The evening prior to the opening of the 50th General Assembly of the Organization of American States (OAS), Amnesty International called publicly on the organization and its member states to seek regional solutions to halt the repression in the Americas. This demand was magnified by projecting it onto the main OAS building in Washington D.C. at 21.00 that night.
Projected onto the OAS building was the artistic work “Behind the Pandemic”, which Erik Ravelo, multimedia artist and creative director, has put together in collaboration with Amnesty International. The organization also projected real images of the repression that the continent is experiencing – in the context of COVID-19 and beyond it – with a particular focus on Chile, El Salvador, Nicaragua and Venezuela.
“Year after year, we see how countries in the Americas use repressive measures to silence those denouncing inequality, injustice and human rights violations. This repression has not subsided in the context of COVID-19 but has changed its form and intensified. It is the responsibility of the OAS and its member states to seek immediate solutions to the repression that is spreading across the continent,” said Erika Guevara-Rosas, Americas director at Amnesty International.
Erik Ravelo, author of the controversial work “The Untouchables” and winner of the Grand Prix for Press in Cannes 2012 for his campaign “Unhate” on behalf of the United Colors of Benetton, added his voice to this action through the piece “Behind the Pandemic”, which focuses on the repressive measures taken in several countries of the Americas in the context of COVID-19.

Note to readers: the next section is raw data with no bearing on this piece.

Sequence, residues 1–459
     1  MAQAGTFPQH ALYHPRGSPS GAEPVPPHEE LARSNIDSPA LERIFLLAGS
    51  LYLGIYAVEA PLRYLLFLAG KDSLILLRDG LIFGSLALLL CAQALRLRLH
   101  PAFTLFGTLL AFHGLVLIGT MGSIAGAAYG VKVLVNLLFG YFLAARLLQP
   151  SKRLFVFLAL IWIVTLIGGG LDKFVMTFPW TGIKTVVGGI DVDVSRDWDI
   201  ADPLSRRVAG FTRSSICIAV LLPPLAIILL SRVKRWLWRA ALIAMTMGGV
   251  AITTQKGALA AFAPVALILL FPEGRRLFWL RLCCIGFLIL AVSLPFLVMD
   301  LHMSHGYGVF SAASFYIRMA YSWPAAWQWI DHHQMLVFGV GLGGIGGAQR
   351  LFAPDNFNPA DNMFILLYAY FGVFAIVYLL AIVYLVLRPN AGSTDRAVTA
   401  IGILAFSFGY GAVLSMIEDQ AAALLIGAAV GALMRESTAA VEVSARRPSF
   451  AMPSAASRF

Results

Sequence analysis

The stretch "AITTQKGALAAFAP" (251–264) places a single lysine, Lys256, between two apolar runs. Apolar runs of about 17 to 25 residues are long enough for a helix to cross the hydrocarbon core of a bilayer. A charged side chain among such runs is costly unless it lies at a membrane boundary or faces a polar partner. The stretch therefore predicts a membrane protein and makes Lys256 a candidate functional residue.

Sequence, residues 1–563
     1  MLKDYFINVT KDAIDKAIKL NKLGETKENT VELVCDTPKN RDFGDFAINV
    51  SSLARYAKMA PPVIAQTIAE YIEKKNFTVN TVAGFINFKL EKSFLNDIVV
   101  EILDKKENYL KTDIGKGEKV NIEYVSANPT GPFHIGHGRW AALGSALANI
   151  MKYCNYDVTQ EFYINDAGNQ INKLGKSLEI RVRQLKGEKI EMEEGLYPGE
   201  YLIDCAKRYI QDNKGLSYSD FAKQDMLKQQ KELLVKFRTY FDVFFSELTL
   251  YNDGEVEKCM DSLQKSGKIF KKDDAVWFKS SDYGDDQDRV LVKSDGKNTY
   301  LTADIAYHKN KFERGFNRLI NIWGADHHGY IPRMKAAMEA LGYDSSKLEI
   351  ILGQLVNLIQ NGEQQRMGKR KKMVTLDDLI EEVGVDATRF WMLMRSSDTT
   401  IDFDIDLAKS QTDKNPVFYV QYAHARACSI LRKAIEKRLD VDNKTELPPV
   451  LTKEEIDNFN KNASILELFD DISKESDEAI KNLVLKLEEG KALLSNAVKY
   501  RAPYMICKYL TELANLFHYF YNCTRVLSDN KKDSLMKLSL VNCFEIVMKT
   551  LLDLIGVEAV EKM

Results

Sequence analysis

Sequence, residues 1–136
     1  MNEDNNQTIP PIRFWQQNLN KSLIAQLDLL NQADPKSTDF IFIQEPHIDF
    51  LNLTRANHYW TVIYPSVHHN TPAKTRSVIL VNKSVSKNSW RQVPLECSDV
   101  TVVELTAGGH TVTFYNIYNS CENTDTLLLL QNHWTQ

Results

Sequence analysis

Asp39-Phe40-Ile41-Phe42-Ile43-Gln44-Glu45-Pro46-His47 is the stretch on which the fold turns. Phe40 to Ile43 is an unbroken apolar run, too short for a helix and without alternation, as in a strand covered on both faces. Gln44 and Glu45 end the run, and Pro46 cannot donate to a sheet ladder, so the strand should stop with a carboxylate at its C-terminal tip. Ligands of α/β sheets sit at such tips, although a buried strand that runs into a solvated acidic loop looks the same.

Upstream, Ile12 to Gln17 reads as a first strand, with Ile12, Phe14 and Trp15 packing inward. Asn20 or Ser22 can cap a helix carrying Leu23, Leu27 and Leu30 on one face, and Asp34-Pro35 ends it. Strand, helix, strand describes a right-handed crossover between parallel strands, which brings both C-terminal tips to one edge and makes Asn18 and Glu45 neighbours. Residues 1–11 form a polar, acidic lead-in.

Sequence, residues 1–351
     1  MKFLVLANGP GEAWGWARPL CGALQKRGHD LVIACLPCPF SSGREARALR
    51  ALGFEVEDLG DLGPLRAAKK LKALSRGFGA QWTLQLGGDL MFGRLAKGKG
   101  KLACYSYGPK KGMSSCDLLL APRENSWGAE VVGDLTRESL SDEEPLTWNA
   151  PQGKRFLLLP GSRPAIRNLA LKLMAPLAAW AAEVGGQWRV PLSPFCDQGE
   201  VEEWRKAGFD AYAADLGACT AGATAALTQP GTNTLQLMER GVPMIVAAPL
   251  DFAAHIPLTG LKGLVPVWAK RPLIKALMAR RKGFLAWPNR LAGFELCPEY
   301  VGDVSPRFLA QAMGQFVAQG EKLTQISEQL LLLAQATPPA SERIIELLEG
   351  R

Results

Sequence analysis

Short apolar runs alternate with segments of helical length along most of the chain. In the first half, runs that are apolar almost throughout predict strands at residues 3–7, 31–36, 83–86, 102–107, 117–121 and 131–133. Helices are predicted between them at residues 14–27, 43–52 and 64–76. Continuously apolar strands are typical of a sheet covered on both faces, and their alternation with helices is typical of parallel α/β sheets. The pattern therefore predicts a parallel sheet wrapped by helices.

Year after year, we see how countries in the Americas use repressive measures to silence those denouncing inequality, injustice and human rights violations. This repression has not subsided in the context of COVID-19 but has changed its form and intensifiedErika Guevara-Rosas, Americas director at Amnesty International
“[The video images] don’t exist anywhere else, I created them for this project. It was a hard task to compose what I was looking for from a visual point of view, something that told the story well. I believe it’s important in this day and age to return to bold and creative communication campaigns, with messages that evoke sensations and feelings, and which can reach out to people and make them think about actual situations. It’s important that people understand what a precious gift liberty is. People should learn to love it, preserve it, and always defend it,” said Erik Ravelo.
Photos and videos of the projection can be found here (images in HD will be available through the same link shortly).
For more information or to arrange an interview, please contact Amnesty International press office: [email protected]